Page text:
Problem Definition

In today’s life, our screens are fractured. We need to jump from device to device as we move around with work and life.

Apple has a sweet solution dubbed “Handoff,” and it lets you open on your phont the same webpage you are browsing on a Mac. The feature has two pitfalls:

  1. Obviously you need to be using Apple devices. There is no way you can “Handoff” a webpage from a Chrome running on a Windows desktop.
  2. Even among Apple devices, the feature fails randomly, possibly because the mechanism for the feature to work is too complicated.

The Project

To install WebQR:

Once you have it installed, click the button to activate the barcode for the current webpage. The barcode is generated locally using JavaScript, so no information about your browse history is sent anywhere.

Things to Note


WebQR does not collect, store, transmit or receive any information. Your URL is not sent anywhere. The QR code is generated locally and is not associated with any remote server.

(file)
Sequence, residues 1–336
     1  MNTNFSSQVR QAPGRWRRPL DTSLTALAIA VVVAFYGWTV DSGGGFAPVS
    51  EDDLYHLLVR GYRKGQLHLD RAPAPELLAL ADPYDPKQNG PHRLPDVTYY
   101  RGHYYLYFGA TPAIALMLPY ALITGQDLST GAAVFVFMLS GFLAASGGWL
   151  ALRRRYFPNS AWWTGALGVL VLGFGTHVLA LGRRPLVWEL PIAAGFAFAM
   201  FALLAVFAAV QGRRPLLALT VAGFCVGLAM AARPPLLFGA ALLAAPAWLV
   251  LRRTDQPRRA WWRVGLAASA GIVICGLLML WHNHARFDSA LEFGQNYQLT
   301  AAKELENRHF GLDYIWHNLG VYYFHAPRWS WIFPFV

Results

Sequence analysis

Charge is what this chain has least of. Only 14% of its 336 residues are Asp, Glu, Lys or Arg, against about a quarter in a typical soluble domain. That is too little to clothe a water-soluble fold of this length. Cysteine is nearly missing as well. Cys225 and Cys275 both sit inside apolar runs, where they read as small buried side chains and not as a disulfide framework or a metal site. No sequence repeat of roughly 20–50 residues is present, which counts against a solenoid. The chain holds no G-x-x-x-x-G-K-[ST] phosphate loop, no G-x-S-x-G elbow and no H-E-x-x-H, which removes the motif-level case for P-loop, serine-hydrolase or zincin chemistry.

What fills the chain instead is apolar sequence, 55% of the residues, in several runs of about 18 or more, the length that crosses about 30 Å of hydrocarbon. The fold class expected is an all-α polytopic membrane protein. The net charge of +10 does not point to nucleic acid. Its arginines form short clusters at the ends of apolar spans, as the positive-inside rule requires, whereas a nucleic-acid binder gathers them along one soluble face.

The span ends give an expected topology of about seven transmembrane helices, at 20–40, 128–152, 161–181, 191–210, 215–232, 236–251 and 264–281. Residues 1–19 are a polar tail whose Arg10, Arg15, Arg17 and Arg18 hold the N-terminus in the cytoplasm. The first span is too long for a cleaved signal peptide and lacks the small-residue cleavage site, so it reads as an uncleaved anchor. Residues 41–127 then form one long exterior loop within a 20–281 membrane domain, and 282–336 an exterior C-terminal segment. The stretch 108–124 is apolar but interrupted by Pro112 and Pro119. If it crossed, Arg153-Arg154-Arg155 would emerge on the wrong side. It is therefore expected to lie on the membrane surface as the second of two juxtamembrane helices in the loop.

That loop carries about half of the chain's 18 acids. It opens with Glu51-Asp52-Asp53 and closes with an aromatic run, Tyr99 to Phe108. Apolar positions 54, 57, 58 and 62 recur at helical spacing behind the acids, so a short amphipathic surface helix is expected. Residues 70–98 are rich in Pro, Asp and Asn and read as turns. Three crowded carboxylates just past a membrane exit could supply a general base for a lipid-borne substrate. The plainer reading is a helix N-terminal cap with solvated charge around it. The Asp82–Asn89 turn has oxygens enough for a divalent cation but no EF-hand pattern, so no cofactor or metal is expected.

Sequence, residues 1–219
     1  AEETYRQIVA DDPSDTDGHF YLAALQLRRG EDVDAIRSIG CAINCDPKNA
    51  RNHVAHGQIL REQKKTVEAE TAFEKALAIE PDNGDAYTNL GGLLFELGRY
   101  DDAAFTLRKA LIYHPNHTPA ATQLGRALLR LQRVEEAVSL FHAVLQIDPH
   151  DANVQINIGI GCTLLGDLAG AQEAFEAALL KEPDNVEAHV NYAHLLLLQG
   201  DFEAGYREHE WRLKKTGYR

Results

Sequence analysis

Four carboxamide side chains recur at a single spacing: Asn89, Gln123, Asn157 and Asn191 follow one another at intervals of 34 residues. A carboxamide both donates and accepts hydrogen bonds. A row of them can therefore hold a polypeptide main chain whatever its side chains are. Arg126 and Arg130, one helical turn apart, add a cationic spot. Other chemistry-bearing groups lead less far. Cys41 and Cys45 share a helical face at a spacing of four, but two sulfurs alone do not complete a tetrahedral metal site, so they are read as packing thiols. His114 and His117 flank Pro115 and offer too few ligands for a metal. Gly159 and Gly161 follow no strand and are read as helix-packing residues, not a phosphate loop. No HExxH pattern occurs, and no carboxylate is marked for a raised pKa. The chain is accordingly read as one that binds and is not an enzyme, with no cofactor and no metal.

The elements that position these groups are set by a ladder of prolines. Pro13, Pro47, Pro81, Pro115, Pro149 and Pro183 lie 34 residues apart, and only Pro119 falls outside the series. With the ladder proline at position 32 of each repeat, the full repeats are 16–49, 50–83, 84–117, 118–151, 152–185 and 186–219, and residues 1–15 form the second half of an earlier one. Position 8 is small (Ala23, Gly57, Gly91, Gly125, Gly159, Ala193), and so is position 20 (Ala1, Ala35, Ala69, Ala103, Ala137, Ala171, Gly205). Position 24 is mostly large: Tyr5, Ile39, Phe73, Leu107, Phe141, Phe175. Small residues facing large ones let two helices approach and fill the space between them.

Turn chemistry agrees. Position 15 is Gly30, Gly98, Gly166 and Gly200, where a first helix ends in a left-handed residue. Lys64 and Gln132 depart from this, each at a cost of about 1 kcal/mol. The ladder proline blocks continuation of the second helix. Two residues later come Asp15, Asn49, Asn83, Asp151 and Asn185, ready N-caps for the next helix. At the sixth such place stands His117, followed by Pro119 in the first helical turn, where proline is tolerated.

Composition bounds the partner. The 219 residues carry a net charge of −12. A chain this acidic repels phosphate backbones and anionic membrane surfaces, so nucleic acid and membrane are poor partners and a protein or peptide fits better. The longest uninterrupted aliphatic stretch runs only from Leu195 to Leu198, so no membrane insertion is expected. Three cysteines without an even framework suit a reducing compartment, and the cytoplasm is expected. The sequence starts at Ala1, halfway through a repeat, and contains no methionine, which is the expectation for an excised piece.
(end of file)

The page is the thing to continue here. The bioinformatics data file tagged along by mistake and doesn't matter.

In Safari Extension panel, you may see the following:

“WebQR” may read, modify, and send contents from any page. These contents may contain sensitive information including passwords, phone numbers and credit card information.

This is because WebQR request the highest permission offered by Safari to read the active tab’s URL. (Safari, sadly, only offers permission settings by domain names.) WebQR does not store this information, or use it in any purposes other than generating and displaying the QR code.

iTunes Affiliate

WebQR appends Affiliate Token to App Store pages. When you scan the code and buy stuff from the App Store, I may get a cut of commission. This commission comes officially from Apple, and the Affiliate Program is one that’s used by many blogs and websites home and abroad.

This feature has no impact whatsoever on you as a user, so I have defaulted it to ON. You may turn if off in preferences.


WebQR incorporates qrcode.js by @davidshimjs. qrcode.js is distributed under MIT License.